Generating function for planted planar trees

I need your help to solve this problem :

Give a generating function for planted planar trees with all degrees odd.

Show that the number of such trees with $2k+1$ non-root vertices is
$$\displaystyle \frac{\binom{3k}{k}}{(2k+1)}$$

Please help !

Solutions Collecting From Web of "Generating function for planted planar trees"

Start by computing the generating function for the odd total degree
trees without the degree-one root node. There is an even number of children plus a link to the parent for a total odd degree. This has the functional
$$T(z) = z + z \frac{T(z)^2}{1-T(z)^2}.$$

Now recall the Lagrange Inversion Formula as presented e.g. at this
MathWorld link
(consulted May 26 2014.)

Using their variables we have $w=z$, $\alpha=z$ and
$$\phi(w) = \frac{w^2}{1-w^2}.$$

Setting $F(v) = v$ in the above we obtain
$$T(z) = z + \frac{z}{1} \frac{z^2}{1-z^2}
+ \frac{z^2}{2!} \frac{\partial}{\partial z}
+ \frac{z^3}{3!} \frac{\partial^2}{\partial z^2}
+ \cdots.$$
Recall that
= \sum_{n\ge q} {n-1\choose q-1} z^n$$
so that
= \sum_{n\ge q} {n-1\choose q-1} z^{2n}.$$
This implies that
$$\frac{\partial^{q-1}}{\partial z^{q-1}}
= \sum_{n\ge q} (2n)^{\underline{q-1}}
{n-1\choose q-1} z^{2n-(q-1)}.$$
This in turn yields
$$[z^m] \frac{z^q}{q!}\frac{\partial^{q-1}}{\partial z^{q-1}}
\\= [z^m] \frac{z^q}{q!}
\sum_{n\ge q} (2n)^{\underline{q-1}} {n-1\choose q-1} z^{2n+1-q}
\\ = \frac{1}{q!} [z^{m-q}]
\sum_{n\ge q} (2n)^{\underline{q-1}} {n-1\choose q-1} z^{2n+1-q}.$$

If $m$ is odd this gives $2n+1=m$ and we must have $(m-1)/2\ge q$ for
a contribution of
$$\frac{1}{q!} (m-1)^{\underline{q-1}}{m/2-3/2\choose q-1}.$$

Collecting everything into one formula we obtain for $m\ge 3$ and $m$
odd the closed form
$$1 + \sum_{q=2}^{m/2-1/2} \frac{1}{q!}
(m-1)^{\underline{q-1}}{m/2-3/2\choose q-1}$$
which is
$$1 + \sum_{q=2}^{m/2-1/2} \frac{1}{q!}
{m/2-3/2\choose q-1}$$
or equivalently
$$1 + \frac{1}{m}
\sum_{q=2}^{m/2-1/2} {m\choose q} {m/2-3/2\choose q-1}.$$

Simplifying this to
$$\frac{1}{m}{3m/2-3/2\choose m/2-1/2}$$
is best done with a CAS and Zeilberger’s algorithm /
Sister Celine’s method.

This is the following sequence
$$ 1, 3, 12, 55, 273, 1428, 7752, 43263, 246675, 1430715, \ldots$$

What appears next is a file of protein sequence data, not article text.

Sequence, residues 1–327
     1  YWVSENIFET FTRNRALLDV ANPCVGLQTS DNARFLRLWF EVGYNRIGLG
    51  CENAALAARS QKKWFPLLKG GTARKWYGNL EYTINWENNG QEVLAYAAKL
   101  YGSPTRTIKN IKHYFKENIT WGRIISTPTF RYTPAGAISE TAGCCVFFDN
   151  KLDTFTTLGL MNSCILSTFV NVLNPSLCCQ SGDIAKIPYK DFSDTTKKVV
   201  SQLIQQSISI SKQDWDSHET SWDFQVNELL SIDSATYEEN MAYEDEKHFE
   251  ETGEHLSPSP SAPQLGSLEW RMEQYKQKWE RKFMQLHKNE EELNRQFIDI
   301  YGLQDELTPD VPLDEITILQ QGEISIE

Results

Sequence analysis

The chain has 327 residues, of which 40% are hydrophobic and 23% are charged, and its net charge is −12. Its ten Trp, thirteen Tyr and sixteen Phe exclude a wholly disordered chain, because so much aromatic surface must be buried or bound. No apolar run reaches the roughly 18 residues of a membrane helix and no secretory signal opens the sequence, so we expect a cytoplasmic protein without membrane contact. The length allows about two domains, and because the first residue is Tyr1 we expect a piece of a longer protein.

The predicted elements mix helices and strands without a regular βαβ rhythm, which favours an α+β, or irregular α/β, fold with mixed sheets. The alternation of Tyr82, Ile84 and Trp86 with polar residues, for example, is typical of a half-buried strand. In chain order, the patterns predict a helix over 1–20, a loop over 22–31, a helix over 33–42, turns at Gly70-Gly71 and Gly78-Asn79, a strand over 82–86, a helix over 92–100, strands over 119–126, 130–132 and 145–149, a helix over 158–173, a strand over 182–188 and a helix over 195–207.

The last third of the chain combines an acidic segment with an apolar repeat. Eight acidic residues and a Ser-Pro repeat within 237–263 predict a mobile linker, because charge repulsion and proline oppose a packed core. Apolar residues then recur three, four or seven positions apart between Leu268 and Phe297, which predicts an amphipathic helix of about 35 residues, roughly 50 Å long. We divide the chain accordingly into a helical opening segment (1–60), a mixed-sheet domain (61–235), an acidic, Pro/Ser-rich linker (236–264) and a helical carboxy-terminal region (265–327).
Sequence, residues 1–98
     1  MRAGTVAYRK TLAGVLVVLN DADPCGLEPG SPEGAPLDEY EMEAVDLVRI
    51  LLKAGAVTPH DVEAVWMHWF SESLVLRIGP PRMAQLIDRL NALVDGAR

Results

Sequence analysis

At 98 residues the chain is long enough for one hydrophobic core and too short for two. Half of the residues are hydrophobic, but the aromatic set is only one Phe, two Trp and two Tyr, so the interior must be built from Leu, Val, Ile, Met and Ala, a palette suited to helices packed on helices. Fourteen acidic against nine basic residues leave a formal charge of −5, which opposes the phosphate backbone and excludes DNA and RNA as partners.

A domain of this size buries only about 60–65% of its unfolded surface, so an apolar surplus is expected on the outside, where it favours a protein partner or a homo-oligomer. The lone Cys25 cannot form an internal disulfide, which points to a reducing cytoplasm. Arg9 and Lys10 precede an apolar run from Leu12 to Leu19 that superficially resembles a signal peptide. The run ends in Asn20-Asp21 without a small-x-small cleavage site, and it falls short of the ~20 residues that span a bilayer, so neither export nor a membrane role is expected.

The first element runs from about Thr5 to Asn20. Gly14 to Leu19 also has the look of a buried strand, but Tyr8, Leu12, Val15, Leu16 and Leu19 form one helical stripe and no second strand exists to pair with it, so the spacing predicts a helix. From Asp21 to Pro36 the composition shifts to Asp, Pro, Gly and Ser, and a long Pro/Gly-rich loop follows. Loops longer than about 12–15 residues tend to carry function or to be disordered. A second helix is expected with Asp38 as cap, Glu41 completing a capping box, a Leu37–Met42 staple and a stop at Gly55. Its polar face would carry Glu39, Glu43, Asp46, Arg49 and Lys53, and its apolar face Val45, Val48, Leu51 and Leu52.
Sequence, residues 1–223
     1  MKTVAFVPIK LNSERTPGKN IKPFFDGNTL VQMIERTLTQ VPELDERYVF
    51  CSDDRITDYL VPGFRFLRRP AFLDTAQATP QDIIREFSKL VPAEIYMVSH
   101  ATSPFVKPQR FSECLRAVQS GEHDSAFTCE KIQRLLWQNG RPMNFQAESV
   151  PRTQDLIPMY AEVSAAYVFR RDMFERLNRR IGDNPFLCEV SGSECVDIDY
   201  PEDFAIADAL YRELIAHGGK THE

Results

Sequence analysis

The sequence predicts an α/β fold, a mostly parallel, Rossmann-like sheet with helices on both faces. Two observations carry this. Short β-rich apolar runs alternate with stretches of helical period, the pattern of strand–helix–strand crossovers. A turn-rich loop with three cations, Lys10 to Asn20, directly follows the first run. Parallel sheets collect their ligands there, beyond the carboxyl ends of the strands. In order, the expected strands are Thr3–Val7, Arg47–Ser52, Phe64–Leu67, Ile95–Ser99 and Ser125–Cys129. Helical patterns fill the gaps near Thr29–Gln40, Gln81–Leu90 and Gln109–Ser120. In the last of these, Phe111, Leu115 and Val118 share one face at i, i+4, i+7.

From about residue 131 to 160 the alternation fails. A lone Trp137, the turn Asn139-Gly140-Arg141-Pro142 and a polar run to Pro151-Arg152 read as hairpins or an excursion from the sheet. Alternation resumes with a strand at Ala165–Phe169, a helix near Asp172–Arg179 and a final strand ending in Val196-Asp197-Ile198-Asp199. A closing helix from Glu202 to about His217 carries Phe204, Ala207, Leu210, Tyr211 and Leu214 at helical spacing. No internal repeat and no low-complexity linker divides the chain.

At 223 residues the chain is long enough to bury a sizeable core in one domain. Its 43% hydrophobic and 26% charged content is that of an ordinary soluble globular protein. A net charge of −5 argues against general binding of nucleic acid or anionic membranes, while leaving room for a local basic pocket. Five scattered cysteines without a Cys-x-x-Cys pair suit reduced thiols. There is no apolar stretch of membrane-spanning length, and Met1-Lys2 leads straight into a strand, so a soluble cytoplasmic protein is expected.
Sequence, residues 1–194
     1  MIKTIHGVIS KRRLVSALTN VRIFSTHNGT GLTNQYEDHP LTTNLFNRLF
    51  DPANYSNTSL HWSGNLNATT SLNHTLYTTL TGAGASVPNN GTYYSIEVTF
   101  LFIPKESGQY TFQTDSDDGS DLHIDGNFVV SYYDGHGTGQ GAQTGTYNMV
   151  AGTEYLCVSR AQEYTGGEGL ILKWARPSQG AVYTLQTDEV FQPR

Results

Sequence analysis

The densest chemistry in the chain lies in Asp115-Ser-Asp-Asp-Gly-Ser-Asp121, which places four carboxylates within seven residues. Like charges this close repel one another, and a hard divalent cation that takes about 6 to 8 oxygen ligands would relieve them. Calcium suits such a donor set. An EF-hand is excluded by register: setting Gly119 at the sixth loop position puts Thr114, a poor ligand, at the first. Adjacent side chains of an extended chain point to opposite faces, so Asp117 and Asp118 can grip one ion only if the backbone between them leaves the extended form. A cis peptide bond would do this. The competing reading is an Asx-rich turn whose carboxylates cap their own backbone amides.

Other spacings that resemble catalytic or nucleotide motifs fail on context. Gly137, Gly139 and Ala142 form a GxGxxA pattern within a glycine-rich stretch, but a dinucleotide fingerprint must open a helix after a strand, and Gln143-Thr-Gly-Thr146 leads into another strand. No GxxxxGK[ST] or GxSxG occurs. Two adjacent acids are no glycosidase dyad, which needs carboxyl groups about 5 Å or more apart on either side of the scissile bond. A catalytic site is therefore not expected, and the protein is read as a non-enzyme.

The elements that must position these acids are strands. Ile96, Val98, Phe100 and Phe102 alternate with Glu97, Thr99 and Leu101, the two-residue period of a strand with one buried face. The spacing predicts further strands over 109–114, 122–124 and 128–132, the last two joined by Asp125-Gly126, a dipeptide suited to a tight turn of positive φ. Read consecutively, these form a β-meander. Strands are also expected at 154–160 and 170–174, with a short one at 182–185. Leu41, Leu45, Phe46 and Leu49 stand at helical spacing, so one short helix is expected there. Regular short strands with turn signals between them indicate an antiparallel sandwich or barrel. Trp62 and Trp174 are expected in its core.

which is OEIS A001764 where
a variety of relevant information can be found.

Addendum Tue May 27 22:12:28 CEST 2014.

Here is some additional material to document how to obtain the simple
closed form.

Note that we can absorb the term in front into the sum, turning
$$1 + \frac{1}{m}
\sum_{q=2}^{m/2-1/2} {m\choose q} {m/2-3/2\choose q-1}$$
\sum_{q=1}^{m/2-1/2} {m\choose q} {m/2-3/2\choose q-1}.$$
Now since $m$ is odd put $m=2k+1$ to get
\sum_{q=1}^k {2k+1\choose q} {k-1\choose q-1}.$$

It turns out that Maple has an implementation of creative telescoping,
the method we cited above. In the present case it yields the following

> restart;
> with(SumTools[DefiniteSum]):
> CreativeTelescoping(binomial(2*k+1,q)*binomial(k-1,q-1),q=1..k);
                       1/2   k
                      3    27  GAMMA(k + 1/3) GAMMA(k + 2/3)
                  1/2 --------------------------------------
                                Pi GAMMA(2 k + 1)

Now using the multiplication theorem of the
Gamma function
we have that
=\frac{2\pi\times 3^{1/2-3k}}{\Gamma(k)} \Gamma(3k).$$
Substituting this into the closed form for the sum yields
\frac{2\pi\times 3^{1/2-3k}}{\Gamma(k)} \Gamma(3k)
= \frac{3k\Gamma(3k)}{k\Gamma(k)\Gamma(2k+1)}.$$
It follows that the closed form for the number of trees is
= \frac{(3k)!}{(k!)\times (2k+1)!}
= \frac{1}{2k+1} \frac{(3k)!}{(k!)\times (2k)!}
= \frac{1}{2k+1} {3k\choose k}.$$

Note that the method of creative telescoping provides sound proof of
the closed forms of the sums that it is applied to as explained e.g. by
Wilf in his book generatingfunctionology.

As it turns out the Mathworld formulation is not optimal here. We can do better using Wilf’s formulation as given in generatingfunctionology.

Re-write the functional equation like this:
$$T(z)-T(z)^3 = z – z T(z)^2 + z T(z)^2 = z.$$
Now we have
$$[z^n] T(z) = \frac{1}{2\pi i}
\int_{|z|=\epsilon} \frac{1}{z^{n+1}} T(z) dz$$
and make the substituion $w = T(z)$ so that $z=w-w^3$ and $dz = (1-3w^2) dw$ to get
$$ \frac{1}{2\pi i}
\int_{|w|=\epsilon} \frac{1}{w^{n+1} (1-w^2)^{n+1}} w (1-3w^2) dw$$
which is
$$ \frac{1}{2\pi i}
\int_{|w|=\epsilon} \frac{1}{w^n (1-w^2)^{n+1}} (1-3w^2) dw.$$
Now the Cauchy Residue Theorem gives the following two coefficients for $n=2k+1$ and odd
$$[w^{n-1}] \frac{1}{(1-w^2)^{n+1}}
= [w^{2k}] \frac{1}{(1-w^2)^{n+1}} = {k+n\choose n} = {3k+1\choose 2k+1}$$
$$[w^{n-1}] 3w^2 \frac{1}{(1-w^2)^{n+1}}
= 3 [w^{2k-2}] \frac{1}{(1-w^2)^{n+1}} = 3{k-1+n\choose n} = 3{3k\choose 2k+1}.$$
But $${3k+1\choose 2k+1} – 3{3k\choose 2k+1} = \frac{1}{2k+1}{3k\choose k}$$
and we are done.